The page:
I’m a fan of Acrobat but hate the price, and also the interface, particularly the menus, which look like they’ve been put together by Martians. Adobe is apparently addressing that too, collapsing menu structures, according to TechSpot, “so you don’t have to go out through lots of different hierarchies”. Hear, hear.

I can well understand that Acrobat is great for pushing documents through organisations where lots of people need to throw in their tuppennies’ worth. But I guess for most people what is really needed is a three stage process: a good, clean, intuitive editing environment, a good, clean intuitive commenting environment, and a straightforward document lock-down, where the final document looks the same on all computers, all printers but can, where relevant, be easily accessed and the contents copied and pasted elsewhere. To be honest, I’ve never found any of these stages particularly easy with Acrobat. Is it just me?

Acrobat Converting Software

Here’s a list of services and products that create documents in Adobe’s  “Portable Document Format” (PDF). (Much of this is drawn from Merle’s article on WebProNews)

Software that creates PDF files from other files

  • PDFMoto: A Web publishing system that converts documents you create in any Windows application into PDF. They offer several different versions, so pricing varies, but they do offer a free version that is limited to 50 documents.
  • PDF995 : Free software that allows you to create PDF documents as easily as hitting the “print” key from within any application. The free version has an advertising splash page that comes up everytime you run the program but you can purchase “keys” for $9.95 each to remove them if they bother you.
  • Txt2PDF: a Perl 5 program that converts your old text docs to PDF format. Runs on any platform that supports Perl. From $40.
  • Gymnast: freeware text to PDF creator for Windows.
  • CutePDF Printer: totally free. This software has no annoying ads or banners. Choose print from within any application to create a PDF instantly.
  • Win2PDF: Windows NT, Win 2000 or XP. From $35 to $70.
  • PDFCreator: an open-source project on SourceForge.net, installing as a printer driver. (Thanks cmswire for this one, and pointing to the original story.)
  • pdfFactory: quite advanced PDF creator, including multiple documents into one PDF, preview and font embedding.

Suites that include PDF conversion

The following office suites include PDF printing as part of the standard package:

Other products, such as PaperPort ($100 to $200) and PaperMaster Pro ($200) will allow you to scan or convert a file to PDF as part of the program’s overall document management system.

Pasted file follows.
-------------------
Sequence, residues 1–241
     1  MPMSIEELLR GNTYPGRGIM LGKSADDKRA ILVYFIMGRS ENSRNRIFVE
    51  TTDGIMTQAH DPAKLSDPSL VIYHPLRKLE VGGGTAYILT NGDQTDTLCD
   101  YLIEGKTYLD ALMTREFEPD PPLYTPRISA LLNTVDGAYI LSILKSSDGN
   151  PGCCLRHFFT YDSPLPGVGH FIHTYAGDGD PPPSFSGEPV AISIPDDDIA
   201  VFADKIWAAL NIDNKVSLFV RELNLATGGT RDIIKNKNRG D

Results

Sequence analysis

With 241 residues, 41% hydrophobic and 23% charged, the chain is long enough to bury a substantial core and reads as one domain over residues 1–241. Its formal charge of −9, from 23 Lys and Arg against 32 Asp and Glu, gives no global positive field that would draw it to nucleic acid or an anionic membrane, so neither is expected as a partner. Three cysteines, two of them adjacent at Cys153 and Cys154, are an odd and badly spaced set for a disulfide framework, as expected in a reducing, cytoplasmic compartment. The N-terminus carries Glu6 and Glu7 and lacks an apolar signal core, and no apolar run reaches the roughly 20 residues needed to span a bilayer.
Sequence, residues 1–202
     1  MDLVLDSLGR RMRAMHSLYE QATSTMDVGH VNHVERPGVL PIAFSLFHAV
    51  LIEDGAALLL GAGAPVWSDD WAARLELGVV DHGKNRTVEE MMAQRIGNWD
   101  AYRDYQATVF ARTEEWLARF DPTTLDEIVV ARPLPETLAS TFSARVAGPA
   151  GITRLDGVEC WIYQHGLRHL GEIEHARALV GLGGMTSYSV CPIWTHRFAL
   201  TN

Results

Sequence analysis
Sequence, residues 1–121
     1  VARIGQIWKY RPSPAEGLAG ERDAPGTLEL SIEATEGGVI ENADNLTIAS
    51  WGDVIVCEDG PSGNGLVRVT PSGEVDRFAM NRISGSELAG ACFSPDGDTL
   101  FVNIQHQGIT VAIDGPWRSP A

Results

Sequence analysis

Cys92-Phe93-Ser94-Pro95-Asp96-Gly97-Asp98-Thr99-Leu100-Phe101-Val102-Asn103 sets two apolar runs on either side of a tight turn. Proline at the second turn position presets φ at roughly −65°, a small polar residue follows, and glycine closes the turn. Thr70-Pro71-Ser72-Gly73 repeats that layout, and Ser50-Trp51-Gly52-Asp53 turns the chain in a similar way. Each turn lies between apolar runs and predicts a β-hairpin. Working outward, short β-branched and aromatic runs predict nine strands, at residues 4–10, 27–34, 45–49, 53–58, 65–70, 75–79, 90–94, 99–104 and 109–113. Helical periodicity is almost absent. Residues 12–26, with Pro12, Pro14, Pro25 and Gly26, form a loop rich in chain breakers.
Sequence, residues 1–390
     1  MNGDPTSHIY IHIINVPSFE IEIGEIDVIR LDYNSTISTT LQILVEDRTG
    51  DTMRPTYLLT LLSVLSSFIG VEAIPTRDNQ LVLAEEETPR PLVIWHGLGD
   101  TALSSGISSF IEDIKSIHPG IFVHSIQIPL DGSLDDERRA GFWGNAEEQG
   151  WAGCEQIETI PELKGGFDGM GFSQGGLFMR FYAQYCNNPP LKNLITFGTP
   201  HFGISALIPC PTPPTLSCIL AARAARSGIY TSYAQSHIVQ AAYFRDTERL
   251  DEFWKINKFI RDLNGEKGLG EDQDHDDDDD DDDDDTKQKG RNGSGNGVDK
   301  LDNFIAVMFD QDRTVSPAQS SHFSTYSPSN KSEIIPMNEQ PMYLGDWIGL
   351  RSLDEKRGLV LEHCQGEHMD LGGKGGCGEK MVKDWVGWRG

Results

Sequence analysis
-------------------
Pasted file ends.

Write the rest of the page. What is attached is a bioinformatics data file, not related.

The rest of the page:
Online Services

  • Adobe Look in the left hand column for the button that says “create PDF online.” You can create up to five documents free; after that you’ll need to pay $10 a month or $100 per year for unlimited usage.
  • GoBlc Free online conversion service that will email you the results.

Software to convert PDF files

Software that turns an Acrobat file into something you can edit in another program:

  • PDFConverter: converts PDF to Microsoft Word (this won’t work with scanned image PDF files) ($50)
  • OmniPage: converts any kind of PDF file into an Office document; will also scan or convert an existing document into PDF ($600).

News: The Free Version Of Office Is Out

 The free, open source Office suite, OpenOffice, is now officially into version 1.1, including enhancements such as “revolutionary” XML file format, one-click PDF (Adobe Acrobat) export and Macromedia Flash export for presentations and drawings, according to The Register.
 
 
There is is enhanced MS Office file compatibility, accessibility support and a faster load times. Supported languages include English, German, French, Italian, Spanish, Chinese (simplified & traditional), Korean and Japanese. Of course, it’s available for Windows, Mac, Linux and Solaris.

Software: Acrobatics on the Cheap

FinePrint, who do an excellent printing program that prints multiple pages on one sheet and saves paper, also do some great software for generating Adobe Acrobat (PDF) files (those documents that look the same whatever computer you view them on, or whatever printer you print them off). It’s a cheaper alternative to buying Acrobat itself, and as someone who spent much of the afternoon having to reinstall his copy of Acrobat, I have a feeling pdfFactory may be a better bet.

Anyway, the good news is that in its August 5, 2003 edition, PC Magazine named FinePrint Software’s pdfFactory Pro as its Editor’s Choice from the twelve applications it reviewed for its “PDFing Cheap”. Crack open the champagne.